Lecture 1: Welcome!¶
In this first lecture we define computer algebra and sketch the organization of the course. The most important aspect of this lecture is to get started with the notebook interface in SageMath.
We can run SageMath in a terminal window, in the cell server,
in a notebook, or in the cloud. Our running computation
involves the symbol
pi which SageMath recognizes as the mathematical
constant \(\pi\). The lecture ends with finding out which system
performs a particular calculation.
What is Computer Algebra?¶
Computer Algebra is the discipline that studies the algorithms for Symbolic Computation. In Symbolic Computation, one computes with symbols, rather than with numbers. In this course we are mostly concerned with the practical aspects of Symbolic Computation, in particular its implementation and its application to solve practical mathematical problems.
The lecture notes are organized in four parts:
First steps with SageMath
Polynomials and rational expressions
Functions and Calculus
More Advanced SageMath
Some Components of SageMath
What is SageMath?¶
The original name Sage was short for Software for Algebra, Geometry, and Experimentation. Later, SAGE became Sage and now we refer to SageMath. Below are some important points about SageMath:
SageMath is released as free and open source software under the terms of the GNU General Public License.
As scripting language, SageMath uses Python. SageMath has a large, active developers community.
By design, SageMath does not reinvent the wheel, but bundles various powerful free and open source mathematical software systems, such as GAP, Maxima, R, Singular, sympy, numpy, scipy, etc. This design principle is visualized in Fig. 1. The figure is copied from [BS10].
There are two main modes to run SageMath:
In a terminal window, which is similar as using the command line interface to interactive software systems. This works fine for short calculations, when the right commands are knows in advance.
The notebook interface runs in a web browser. The help gives direct access to the reference manual and other documentation. The notebook interface is natural with cloud computing.
A terminal session with SageMath
sage: pi pi sage: sin(pi) 0 sage: '%.14e' % pi '3.14159265358979e+00' sage: type(_) <type 'str'> sage: type(pi) <type 'sage.symbolic.expression.Expression'> sage: p = plot(sin,(-pi,+pi)) sage: p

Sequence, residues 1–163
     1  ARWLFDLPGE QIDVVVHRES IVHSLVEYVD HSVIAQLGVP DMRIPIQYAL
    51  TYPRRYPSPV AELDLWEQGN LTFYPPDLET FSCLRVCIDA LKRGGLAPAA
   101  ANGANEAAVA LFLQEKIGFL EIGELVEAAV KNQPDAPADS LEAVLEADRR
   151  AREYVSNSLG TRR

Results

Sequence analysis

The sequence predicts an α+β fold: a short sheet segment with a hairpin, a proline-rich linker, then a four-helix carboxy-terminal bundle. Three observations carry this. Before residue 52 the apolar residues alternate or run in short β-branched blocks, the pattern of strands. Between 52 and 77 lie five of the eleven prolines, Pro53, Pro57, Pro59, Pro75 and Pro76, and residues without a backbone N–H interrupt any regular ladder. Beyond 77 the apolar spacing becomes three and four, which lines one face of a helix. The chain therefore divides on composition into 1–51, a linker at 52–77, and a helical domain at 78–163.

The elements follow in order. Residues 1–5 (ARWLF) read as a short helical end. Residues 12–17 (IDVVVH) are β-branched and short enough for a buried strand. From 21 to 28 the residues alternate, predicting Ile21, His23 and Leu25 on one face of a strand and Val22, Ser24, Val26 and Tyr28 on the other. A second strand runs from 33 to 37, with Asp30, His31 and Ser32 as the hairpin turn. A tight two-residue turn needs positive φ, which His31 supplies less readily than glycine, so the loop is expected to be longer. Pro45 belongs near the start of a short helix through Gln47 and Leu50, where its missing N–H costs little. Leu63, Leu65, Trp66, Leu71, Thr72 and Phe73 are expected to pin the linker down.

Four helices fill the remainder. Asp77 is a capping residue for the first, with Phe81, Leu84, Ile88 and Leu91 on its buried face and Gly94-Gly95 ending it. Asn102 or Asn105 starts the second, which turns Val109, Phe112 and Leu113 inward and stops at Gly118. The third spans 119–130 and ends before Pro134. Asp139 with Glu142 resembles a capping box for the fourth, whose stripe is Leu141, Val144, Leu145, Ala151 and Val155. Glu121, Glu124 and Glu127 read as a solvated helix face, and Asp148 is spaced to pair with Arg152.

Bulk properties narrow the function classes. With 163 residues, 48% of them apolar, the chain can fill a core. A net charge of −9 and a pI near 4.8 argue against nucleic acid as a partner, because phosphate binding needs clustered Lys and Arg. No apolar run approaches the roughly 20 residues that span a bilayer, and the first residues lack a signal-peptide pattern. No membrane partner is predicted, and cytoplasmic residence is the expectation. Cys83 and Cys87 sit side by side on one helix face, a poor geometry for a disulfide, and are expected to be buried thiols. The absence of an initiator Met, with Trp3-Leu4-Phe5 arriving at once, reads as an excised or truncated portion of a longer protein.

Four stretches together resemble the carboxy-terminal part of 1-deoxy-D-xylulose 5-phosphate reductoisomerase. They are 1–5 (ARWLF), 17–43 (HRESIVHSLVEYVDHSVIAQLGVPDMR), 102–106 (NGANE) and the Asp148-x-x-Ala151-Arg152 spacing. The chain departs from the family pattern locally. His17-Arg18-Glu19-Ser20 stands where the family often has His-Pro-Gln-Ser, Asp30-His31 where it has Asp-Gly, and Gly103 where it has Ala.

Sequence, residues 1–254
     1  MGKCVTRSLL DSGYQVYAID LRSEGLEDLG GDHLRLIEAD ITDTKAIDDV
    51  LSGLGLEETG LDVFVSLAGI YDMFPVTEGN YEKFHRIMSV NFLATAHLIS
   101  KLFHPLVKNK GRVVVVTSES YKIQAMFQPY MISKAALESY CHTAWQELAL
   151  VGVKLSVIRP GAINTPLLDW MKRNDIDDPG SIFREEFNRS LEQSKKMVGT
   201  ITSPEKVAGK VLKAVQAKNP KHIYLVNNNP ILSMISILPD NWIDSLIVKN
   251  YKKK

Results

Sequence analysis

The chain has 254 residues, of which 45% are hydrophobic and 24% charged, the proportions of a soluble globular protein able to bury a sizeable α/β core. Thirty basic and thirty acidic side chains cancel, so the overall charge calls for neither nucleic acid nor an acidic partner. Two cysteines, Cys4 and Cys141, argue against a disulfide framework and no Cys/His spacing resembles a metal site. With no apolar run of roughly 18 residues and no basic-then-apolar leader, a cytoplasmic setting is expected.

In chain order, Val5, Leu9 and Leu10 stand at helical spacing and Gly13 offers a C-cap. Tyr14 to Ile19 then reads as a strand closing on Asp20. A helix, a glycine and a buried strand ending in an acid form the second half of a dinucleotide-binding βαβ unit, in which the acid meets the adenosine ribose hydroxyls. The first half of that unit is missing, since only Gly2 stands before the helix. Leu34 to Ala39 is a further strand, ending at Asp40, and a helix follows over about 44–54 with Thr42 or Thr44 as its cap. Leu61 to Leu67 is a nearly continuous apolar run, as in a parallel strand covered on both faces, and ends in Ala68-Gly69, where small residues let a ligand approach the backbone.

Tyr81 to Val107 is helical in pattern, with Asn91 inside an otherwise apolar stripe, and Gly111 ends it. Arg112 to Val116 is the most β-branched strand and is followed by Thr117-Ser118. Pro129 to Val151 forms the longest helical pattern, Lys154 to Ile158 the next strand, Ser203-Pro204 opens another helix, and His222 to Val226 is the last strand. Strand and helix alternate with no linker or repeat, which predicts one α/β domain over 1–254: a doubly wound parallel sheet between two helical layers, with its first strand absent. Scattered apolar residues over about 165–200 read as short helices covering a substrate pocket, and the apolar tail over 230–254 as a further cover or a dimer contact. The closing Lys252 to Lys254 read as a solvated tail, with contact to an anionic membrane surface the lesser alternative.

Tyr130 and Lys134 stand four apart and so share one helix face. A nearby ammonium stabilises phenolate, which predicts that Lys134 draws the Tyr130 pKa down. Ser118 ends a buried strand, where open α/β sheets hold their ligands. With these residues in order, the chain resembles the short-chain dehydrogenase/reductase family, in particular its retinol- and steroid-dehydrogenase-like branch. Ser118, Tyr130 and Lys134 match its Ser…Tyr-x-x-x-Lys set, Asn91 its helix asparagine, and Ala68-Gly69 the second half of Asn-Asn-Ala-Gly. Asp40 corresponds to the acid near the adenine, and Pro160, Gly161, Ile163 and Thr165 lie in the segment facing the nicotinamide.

For a more interesting plot, consider the sine function
with a decaying amplitude, as defined by
As a computer algebra system, Sage is mainly for symbolic computation. For its numerical computations, we are not limited to the hardware machine arithmetic. For example, to see the decimal expansion of \(\pi\) with 20 decimal places:
sage: pi20 = pi.n(digits=20) sage: pi20 3.1415926535897932385 sage: sin(pi20) 6.5640070857470010853e-22 sage: type(pi20) <type 'sage.rings.real_mpfr.RealNumber'>
Unlike the exact value for \(\pi\),
the value of
sin(pi20) is no longer zero.
In the SageMath Cell Server to plot the sine function, we can enter:
var('x') plot(sin(x), (-pi, pi)).show()
When running the notebook interface, we can document our computations with text that follows the # symbol.
Which systems in SageMath are used?¶
Sage is built out of several systems. If you are curious to see which software package executed your calculation, you could proceed as follows:
sage: from sage.misc.citation import get_systems sage: get_systems('Rational(0.75)') ['MPFR'] sage: get_systems('RealField(10)(pi)') ['MPFR', 'ginac'] sage: import sage.misc.citation sage: help(sage.misc.citation) sage: sage.misc.citation.systems.keys()
Go to http://www.sagemath.org/tour.html and take the Feature tour.
After taking this tour, write a couple of sentences (one paragraph long) about what interests you most.
Create an account on CoCalc, at https://cocalc.com, and make a notebook with calculations from this lecture.
If there is sufficient disk space available on your home computer or laptop, consider installing SageMath from source. On Linux systems, you should not do this installation as root, but as an ordinary user.
Which system executes the statement
B. Erocal and W. Stein: The Sage project: Unifying free mathematical software to create a viable alternative to Magma, Maple, Mathematica, and MATLAB. In Mathematical Software - ICMS 2010, Springer-Verlag, 2010.